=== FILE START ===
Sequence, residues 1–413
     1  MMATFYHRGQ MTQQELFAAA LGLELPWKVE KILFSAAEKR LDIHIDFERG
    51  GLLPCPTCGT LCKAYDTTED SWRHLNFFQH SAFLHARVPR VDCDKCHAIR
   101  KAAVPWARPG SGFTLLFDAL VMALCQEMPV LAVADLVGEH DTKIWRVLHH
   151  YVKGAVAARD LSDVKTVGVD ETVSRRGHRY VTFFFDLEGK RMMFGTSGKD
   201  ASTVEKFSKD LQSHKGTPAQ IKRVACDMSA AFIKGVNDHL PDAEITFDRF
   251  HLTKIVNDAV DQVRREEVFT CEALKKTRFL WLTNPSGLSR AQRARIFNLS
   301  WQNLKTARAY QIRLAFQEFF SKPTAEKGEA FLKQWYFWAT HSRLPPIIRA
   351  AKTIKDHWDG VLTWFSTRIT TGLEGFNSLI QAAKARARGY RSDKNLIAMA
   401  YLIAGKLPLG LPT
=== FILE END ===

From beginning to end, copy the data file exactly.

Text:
Sequence, residues 1–413
     1  MMATFYHRGQ MTQQELFAAA LGLELPWKVE KILFSAAEKR LDIHIDFERG
    51  GLLPCPTCGT LCKAYDTTED SWRHLNFFQH SAFLHARVPR VDCDKCHAIR
   101  KAAVPWARPG SGFTLLFDAL VMALCQEMPV LAVADLVGEH DTKIWRVLHH
   151  YVKGAVAARD LSDVKTVGVD ETVSRRGHRY VTFFFDLEGK RMMFGTSGKD
   201  ASTVEKFSKD LQSHKGTPAQ IKRVACDMSA AFIKGVNDHL PDAEITFDRF
   251  HLTKIVNDAV DQVRREEVFT CEALKKTRFL WLTNPSGLSR AQRARIFNLS
   301  WQNLKTARAY QIRLAFQEFF SKPTAEKGEA FLKQWYFWAT HSRLPPIIRA
   351  AKTIKDHWDG VLTWFSTRIT TGLEGFNSLI QAAKARARGY RSDKNLIAMA
   401  YLIAGKLPLG LPT